If I got aDUI in another state, should I have told the judge at my hearing today?

UPDATED: Aug 17, 2011

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If I got aDUI in another state, should I have told the judge at my hearing today?

DUI at 16 in MO; I am now 40 and live in CO. I didn’t think to tell the judge when he asked if I had ever been convicted of anything? They said this was my first offense and I just was nervous and wasn’t thinking about when I was 16. When I went to apply for probation on the forms to fill out they asked if I had any juvenile records to tell. I did disclose it on the form. Will this make a difference that I did not disclose it in court today?

Asked on August 17, 2011 Colorado


FreeAdvice Contributing Attorney / FreeAdvice Contributing Attorney

Answered 11 years ago | Contributor

In the best of all worlds you should have told the judge about the prior drunk drive when you were sixteen years old as well as referenced that fact in the probation form you completed. However, I understand your nervousness and forgetting to answer the question truthfully.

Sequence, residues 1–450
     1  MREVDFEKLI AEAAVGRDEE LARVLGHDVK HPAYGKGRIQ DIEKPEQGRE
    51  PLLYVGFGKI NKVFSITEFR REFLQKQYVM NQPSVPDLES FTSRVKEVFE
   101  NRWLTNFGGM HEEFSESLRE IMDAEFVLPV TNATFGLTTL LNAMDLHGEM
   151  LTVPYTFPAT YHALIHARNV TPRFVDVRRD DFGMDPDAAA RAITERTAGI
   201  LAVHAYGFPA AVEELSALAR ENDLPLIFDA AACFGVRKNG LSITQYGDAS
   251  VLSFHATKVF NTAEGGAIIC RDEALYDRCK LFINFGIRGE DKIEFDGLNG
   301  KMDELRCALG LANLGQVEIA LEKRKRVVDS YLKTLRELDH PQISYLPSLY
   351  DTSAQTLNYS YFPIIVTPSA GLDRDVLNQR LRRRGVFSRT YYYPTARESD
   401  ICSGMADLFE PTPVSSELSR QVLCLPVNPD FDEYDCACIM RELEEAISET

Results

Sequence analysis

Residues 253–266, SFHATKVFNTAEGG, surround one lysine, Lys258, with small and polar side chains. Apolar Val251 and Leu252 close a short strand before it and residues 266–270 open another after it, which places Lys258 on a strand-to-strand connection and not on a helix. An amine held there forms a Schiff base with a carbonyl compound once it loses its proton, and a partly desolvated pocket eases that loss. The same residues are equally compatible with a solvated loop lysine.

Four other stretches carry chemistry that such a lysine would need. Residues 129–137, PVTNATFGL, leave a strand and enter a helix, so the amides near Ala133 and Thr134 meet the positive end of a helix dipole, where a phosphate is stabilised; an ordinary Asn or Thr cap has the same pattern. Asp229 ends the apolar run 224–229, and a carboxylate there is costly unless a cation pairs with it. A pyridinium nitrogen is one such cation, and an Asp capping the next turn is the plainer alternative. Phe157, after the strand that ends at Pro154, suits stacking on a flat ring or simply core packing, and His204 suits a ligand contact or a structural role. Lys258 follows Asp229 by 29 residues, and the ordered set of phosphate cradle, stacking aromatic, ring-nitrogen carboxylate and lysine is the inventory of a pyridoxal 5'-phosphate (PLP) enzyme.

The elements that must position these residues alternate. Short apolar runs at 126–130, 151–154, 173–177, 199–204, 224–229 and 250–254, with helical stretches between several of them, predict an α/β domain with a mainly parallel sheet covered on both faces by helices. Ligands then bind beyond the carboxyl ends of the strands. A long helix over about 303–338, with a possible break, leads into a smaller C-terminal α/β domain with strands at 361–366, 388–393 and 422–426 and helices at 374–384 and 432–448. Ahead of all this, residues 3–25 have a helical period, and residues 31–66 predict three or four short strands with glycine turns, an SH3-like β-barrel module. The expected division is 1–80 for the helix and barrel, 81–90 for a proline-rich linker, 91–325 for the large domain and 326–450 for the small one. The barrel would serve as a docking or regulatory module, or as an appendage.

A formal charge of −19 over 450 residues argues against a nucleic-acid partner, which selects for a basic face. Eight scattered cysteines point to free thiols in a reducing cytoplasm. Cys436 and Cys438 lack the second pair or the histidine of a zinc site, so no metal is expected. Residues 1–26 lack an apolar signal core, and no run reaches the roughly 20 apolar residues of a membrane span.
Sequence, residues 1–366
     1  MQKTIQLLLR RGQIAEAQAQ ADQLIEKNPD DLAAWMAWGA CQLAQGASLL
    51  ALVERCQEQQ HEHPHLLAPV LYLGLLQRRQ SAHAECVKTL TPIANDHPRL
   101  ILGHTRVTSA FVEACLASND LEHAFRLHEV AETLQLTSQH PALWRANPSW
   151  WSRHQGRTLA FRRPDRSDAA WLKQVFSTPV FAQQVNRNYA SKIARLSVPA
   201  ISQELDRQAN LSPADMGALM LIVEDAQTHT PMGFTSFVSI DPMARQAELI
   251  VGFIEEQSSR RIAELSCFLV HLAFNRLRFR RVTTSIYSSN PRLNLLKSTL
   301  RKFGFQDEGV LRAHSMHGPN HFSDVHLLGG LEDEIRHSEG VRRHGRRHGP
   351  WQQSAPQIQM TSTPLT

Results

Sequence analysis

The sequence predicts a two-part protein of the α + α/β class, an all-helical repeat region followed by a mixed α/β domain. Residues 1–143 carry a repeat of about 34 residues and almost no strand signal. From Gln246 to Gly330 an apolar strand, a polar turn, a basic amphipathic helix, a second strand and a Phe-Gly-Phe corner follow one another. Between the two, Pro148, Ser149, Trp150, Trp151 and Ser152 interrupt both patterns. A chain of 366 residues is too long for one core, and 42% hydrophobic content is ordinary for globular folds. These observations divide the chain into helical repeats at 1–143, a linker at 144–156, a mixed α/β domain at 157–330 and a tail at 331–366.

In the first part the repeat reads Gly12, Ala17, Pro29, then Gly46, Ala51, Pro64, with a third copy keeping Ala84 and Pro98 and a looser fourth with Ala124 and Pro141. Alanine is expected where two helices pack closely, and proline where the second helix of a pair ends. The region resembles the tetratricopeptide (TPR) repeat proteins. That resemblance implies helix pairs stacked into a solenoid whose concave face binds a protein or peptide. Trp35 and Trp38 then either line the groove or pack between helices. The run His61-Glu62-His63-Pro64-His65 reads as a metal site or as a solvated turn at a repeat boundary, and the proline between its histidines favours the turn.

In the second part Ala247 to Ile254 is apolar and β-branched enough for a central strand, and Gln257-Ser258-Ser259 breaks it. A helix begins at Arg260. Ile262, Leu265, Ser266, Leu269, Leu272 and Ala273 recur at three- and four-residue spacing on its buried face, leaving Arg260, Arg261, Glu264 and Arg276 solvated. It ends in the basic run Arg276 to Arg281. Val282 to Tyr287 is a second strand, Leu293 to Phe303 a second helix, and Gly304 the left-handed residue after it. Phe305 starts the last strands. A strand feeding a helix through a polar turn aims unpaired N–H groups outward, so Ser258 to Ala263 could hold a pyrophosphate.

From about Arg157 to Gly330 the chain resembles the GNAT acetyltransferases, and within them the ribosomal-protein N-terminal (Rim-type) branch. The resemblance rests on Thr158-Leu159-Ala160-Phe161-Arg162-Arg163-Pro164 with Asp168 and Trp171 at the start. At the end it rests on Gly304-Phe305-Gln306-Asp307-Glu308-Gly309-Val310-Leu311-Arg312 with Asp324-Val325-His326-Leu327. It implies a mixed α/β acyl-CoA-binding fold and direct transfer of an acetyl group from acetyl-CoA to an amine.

From a practical standpoint, the chances of the prior drunk driving conviction while you were a minor twenty-four years ago in another state most likely will not be picked up concerning you current issue because: 1. as a minor, the conviction is most likely sealed, 2. even if not sealed, the written documentation was probably not placed into an accessible data base which could be retrieved presently, 3. the conviction was in another state. The chances of a misdemeanor conviction twenty-four years ago being retrieved by a computer search in another state seems remote.

IMPORTANT NOTICE: The Answer(s) provided above are for general information only. The attorney providing the answer was not serving as the attorney for the person submitting the question or in any attorney-client relationship with such person. Laws may vary from state to state, and sometimes change. Tiny variations in the facts, or a fact not set forth in a question, often can change a legal outcome or an attorney's conclusion. Although AttorneyPages.com has verified the attorney was admitted to practice law in at least one jurisdiction, he or she may not be authorized to practice law in the jurisdiction referred to in the question, nor is he or she necessarily experienced in the area of the law involved. Unlike the information in the Answer(s) above, upon which you should NOT rely, for personal advice you can rely upon we suggest you retain an attorney to represent you.

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